Exhibition „Money as Jewellery”
The exhibition “Money as Jewellery” shows the diversity in tradition, customs, values and aesthetic criteria in the small area of Montenegro. Jewellery, by itself, was always an ornament women were proud of and it represented their religious affiliation, marital status, and also pointed to her social status. Money as an ornament on jewellery was one of the main indicators of a woman’s status.
Money was hanged on or imbedded into ornaments for head, neck and breast, waist, and hands. Depending on the financial condition of the family for which the jewellery was made, the ornamental coins were predominantly of silver, nickel or copper, and rarely of gold. The most luxurious were breast ornaments (đerdani) that sometimes counted dozens of various coins, being prominent for their detailed filigree work, luxurious rosettes, colourful decorative glass, and sometimes semi-precious stones. However, the exhibited jewellery was not exclusively worn for representative purposes, but it also served as some kind of magical protection in certain religious and ethnic groups. Thus, it was believed that a clattering of coins on a woman’s head disk (tepeluk) protected her from „evil eyes”, and the decorative box hanging on the chain often contained a written message or a prayer from the Qur’an a woman would wear on any occasion.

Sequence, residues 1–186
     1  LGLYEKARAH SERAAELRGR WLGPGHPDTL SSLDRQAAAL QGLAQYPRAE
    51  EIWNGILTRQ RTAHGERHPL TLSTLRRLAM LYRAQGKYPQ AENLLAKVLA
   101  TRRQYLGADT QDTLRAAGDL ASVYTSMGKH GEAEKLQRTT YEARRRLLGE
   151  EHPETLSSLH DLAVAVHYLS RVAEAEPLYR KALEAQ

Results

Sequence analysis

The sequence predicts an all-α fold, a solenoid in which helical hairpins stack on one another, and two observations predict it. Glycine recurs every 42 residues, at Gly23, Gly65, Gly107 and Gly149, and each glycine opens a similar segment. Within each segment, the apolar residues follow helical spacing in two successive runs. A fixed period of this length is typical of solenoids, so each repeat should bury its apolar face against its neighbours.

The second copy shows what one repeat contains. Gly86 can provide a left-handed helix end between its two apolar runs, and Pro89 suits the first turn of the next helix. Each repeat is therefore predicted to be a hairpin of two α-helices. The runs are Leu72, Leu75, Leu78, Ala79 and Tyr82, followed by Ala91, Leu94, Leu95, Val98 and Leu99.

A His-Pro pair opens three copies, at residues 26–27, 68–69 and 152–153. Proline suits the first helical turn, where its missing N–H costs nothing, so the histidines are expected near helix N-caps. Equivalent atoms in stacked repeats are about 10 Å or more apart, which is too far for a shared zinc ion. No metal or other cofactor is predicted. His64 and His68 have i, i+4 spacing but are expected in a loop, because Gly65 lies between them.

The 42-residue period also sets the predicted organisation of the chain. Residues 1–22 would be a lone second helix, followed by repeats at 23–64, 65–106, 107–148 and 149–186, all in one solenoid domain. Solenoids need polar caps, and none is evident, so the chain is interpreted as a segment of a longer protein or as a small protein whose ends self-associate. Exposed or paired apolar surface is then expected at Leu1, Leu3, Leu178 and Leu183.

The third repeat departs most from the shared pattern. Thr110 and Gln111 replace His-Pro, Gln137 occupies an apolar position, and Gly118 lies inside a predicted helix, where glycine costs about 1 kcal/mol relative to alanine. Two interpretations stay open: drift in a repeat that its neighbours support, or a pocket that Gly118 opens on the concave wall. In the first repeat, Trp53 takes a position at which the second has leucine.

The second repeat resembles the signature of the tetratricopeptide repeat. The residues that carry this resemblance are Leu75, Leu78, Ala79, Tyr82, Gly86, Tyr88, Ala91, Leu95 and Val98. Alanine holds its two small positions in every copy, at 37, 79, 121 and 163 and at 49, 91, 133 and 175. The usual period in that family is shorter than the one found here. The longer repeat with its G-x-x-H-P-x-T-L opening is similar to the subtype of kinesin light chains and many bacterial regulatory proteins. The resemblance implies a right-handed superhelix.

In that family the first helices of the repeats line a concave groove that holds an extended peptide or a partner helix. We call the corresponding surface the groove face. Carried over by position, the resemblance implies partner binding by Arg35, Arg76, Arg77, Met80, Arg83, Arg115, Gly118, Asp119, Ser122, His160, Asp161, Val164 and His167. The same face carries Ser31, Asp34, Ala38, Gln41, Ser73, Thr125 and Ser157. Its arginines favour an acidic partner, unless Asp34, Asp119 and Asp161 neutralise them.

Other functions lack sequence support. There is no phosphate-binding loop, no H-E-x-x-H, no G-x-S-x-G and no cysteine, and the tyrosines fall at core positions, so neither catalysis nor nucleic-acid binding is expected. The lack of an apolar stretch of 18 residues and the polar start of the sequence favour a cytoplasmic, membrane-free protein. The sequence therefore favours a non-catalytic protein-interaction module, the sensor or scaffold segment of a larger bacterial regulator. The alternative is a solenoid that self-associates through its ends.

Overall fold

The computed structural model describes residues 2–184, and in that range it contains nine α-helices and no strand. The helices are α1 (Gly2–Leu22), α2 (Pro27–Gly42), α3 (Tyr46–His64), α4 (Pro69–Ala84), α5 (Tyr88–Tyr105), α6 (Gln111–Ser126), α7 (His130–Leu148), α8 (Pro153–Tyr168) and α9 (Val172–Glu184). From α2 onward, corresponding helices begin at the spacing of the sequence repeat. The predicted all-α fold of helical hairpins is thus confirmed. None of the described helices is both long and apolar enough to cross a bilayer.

The exhibition “Money as Jewellery” gives visitors an opportunity to see aesthetically attractive pieces of jewellery, from a historical point of view, to learn the situation of Montenegro in the past through the prism of money. How money lost its primary purpose of being the means of payment and evolved into a new dimension. Owing to this, even without knowing the monetary history of our country, one may learn about the influence of the great powers on this region and how they were so entrenched that their customs became a part of our culture, customs, and overall identity.
The exhibited jewellery dating back primarily from the 19th and early 20th centuries contains Austrian, French, Russian, and Serbian coins, but predominantly Turkish coins.